Continuing my participation in the Film Preservation Blogathon: For the Love of Film (Noir). This is a fundraiser, folks, so send a few bucks to this link. Proceeds benefit the Film Noir Foundation and will help fund the restoration of The Sound of Fury (1950).
I sometimes have difficulty writing about movies that I love. Often, I don't know where to start, but other times, I don't have a firm grasp of what ineffable quality makes me love some films over others that are equally well made. I also run the risk of gushing. I can be an undiscriminating viewer when a movie tickles my pleasure centers just so. It's why I love so many movies that, objectively speaking, aren't particularly good.
Sometimes, though, I can identify exactly what makes me love a given movie. One such movie is The Scar (aka Hollow Triumph, 1948, directed by Istevan Sekely), a low, low budget dream fugue of a movie that has no acquaintance with realism. It's a film that follows the logic of nightmares, and most of the film instills a feeling of being pursued not just by the forces of law or by evil companions, though there's some of that, but by the hand of fate itself. This, in spite of the fact that the story is absurd on its face, and that some of its key set pieces have been "borrowed" from other movies. But none of that matters to me, really, because this movie hits the erogenous zones of my cinematic joy like few others.
I think it's the scar, but I'll come to that in a bit.
After executing a casino robbery that goes wrong, gangster Johnny Mueller goes to ground and looks for a way out. He finds it in the person of a psychiatrist who happens to look just like Johnny, except for a scar on his cheek. Johnny manouevers himself into a position to replace the good doctor and bumps him off. During the act, Johnny discovers--much to his horror--that he has put the scar to match the doctor's scar on the wrong cheek. Too late to back down, he risks it. To his amazement, no one notices that the scar is on the wrong side. During the course of the film, Johnny's relationship with the doctor's secretary grows from opportunism to genuine romance, but when she reallizes who he is and what he has done, she resolves to get out of her crummy life and sail far far away. Johnny is given the chance to leave behind his past and go with her, but unfortunately, the good doctor had a past of his own, a past that eventually catches up with Johnny...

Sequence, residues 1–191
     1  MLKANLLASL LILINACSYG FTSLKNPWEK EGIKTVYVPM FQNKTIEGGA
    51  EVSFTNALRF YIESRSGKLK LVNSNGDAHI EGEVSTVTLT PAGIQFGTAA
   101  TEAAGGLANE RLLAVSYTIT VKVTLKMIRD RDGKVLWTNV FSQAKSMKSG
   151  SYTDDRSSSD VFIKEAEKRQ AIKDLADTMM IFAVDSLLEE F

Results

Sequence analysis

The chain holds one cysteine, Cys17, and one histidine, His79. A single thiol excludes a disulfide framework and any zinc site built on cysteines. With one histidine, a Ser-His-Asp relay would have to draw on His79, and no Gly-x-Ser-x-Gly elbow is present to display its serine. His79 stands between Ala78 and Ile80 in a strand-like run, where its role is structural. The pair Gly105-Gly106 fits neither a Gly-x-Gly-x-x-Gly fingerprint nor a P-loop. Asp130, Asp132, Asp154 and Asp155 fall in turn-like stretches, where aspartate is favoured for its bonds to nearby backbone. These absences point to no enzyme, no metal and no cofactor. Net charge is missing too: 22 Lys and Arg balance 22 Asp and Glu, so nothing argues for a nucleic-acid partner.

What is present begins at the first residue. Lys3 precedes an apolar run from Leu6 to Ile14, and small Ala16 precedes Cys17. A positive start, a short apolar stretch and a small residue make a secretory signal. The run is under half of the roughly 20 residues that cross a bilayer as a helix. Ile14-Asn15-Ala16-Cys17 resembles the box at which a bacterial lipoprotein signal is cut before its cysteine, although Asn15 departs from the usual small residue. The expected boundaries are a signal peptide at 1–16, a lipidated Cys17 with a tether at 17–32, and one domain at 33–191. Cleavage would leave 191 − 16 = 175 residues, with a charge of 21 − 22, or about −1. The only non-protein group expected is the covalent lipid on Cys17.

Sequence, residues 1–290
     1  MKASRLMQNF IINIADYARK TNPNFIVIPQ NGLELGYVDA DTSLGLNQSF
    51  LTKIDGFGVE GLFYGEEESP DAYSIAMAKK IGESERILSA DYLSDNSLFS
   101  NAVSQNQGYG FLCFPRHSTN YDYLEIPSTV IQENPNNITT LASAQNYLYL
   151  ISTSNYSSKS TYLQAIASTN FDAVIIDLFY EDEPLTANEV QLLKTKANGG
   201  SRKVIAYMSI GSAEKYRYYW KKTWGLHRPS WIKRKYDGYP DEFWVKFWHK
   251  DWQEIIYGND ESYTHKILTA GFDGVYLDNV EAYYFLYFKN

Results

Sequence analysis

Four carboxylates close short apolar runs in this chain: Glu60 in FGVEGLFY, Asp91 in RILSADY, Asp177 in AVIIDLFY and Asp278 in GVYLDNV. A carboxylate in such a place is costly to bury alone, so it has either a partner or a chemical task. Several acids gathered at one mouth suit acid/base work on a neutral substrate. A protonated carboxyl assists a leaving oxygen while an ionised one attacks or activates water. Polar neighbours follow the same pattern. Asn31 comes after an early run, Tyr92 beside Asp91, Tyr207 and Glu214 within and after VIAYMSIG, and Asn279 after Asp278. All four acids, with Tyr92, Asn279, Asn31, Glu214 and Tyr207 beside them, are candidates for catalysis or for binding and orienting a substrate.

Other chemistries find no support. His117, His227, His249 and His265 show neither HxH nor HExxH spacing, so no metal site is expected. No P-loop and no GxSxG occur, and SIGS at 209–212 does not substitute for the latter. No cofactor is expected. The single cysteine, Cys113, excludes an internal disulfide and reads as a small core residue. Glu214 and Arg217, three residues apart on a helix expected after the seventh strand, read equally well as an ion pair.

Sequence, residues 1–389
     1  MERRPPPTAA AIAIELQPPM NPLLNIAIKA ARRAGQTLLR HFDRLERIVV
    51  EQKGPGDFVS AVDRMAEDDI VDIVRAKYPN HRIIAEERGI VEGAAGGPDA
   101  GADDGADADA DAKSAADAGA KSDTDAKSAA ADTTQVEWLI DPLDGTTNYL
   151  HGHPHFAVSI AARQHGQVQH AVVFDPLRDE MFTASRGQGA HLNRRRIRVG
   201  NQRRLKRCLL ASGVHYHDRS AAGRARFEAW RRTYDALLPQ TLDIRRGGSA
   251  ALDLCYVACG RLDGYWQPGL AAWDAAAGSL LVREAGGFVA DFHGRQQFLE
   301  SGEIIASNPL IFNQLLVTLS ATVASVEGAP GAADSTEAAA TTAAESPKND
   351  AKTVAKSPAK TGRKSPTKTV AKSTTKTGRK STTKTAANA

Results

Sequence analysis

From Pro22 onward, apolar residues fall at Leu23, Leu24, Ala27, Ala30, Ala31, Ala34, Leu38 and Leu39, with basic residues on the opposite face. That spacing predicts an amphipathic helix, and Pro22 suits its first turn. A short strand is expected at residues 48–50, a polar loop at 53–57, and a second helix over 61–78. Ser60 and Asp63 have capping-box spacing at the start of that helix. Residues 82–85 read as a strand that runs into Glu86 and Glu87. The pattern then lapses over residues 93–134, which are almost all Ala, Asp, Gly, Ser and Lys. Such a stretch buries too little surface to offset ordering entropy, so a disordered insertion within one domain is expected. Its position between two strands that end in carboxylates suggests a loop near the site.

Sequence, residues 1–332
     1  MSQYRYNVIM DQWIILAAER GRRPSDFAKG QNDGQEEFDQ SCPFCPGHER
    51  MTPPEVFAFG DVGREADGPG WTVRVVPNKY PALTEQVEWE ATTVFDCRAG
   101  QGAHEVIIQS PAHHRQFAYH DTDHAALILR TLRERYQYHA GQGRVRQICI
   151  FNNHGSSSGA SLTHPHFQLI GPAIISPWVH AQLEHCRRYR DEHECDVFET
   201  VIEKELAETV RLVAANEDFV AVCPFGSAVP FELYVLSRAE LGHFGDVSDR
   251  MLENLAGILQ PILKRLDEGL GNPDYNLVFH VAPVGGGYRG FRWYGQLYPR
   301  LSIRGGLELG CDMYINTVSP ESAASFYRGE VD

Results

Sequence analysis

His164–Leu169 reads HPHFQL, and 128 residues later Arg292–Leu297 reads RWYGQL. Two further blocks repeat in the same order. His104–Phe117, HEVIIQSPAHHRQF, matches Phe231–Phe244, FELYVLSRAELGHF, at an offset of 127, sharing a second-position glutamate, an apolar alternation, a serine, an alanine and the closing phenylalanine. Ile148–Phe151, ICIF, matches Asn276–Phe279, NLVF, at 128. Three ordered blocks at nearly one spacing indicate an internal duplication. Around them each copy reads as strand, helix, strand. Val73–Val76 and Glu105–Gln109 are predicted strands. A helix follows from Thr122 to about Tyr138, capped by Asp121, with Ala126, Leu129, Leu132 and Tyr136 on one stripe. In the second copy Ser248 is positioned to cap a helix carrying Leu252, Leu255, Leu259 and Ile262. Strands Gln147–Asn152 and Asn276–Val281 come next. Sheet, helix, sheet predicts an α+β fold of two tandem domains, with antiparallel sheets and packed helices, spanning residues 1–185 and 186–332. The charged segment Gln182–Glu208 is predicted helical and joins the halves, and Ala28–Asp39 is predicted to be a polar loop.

If there is a better metaphor for the alienation and dehumanization of the post-war era in all of film noir than the scar on Johnny Mueller's face, I don't know what it is. Urban life has become so fast paced that the migration of a scar from one side of a face to the other is barely noticed. There is a scene near the end of this movie when a cleaning woman is the first person to suggest that it has moved, and Johnny almost kisses her for noticing. No one pays attention to anyone but themselves, the film suggests, and that narcissism makes us all profoundly alone.
The Scar is an arresting movie, which is something of an accomplishment given how derivative many of its scenes are and given how cheap it is. It was made by Eagle-Lion just after they bought PRC, after all, which means that the whole production was likely a marginal enterprise. So it takes shortcuts. It cuts and pastes film noir cliche`s whole, including whole scenes. The end result is greater than the sum of its parts, though. It doesn't hurt that it was shot by the great noir cinematographer, John Alton, who, absent the resources of a big studio, shoots a movie with rich visual textures anyway. Alton shoots a nocturnal city so full of menace that it's a wonder anybody ventures out into it. The Scar knows how to elide things, too. The scene where Johnny cuts his face, for instance, shows only a cigarette burning next to the tools he uses, but it's harder to endure than a graphic depiction might be.
The weirdness of its plot pushes The Scar into a kind of mythological dreaminess. This is a film about doppelgangers. When you meet your doppelganger, as Johnny Mueller meets his, you meet your doom. The implication is that you can never escape your secret self. The Scar is an epistemological freak-out, too, and signifies this with it's repeated use of photographs as evidence of what's real (and, of course, their unreliability). This movie might as well be the author of Blade Runner's obsession with photographs: In that movie, the characters who aren't really real cling to photographs as evidence of their existence and of the persistence of their memories. In The Scar , photography is treacherous, but has a role in shaping how reality is perceived.
Finally, The Scar has a hard-nosed approach that borders on heartlessness. It doesn't really give the audience an innocent to root for. By removing any trace of sentiment from its assembled second-hand scenes, it re-invents them as something fresh and nasty. The fate given to Joan Bennett's character, the doctor's secretary, is particularly cruel. She has had enough of being tough and her fragile interior is beginning to show through. She lets Johnny get under her skin and the film wrests that from her. She ends the movie in heartbreak, never allowed to know that Johnny tried to do right by her. The irony of Johnny's ultimate fate is brutal and perfect and hints at a sort of divine justice in the world, but it's cruel, too. The audience knows it's coming, but it's hard to take, none-the-less.
Fate puts its finger on all of the characters here and sends them blithely to their dooms. The Scar is as dark at heart as just about any film ever made. It's a great big impersonal world out there. You can't get attached to anyone, because, sure as tomorrow's sunrise, Fate is going to take them away from you.
It's a bitter little world.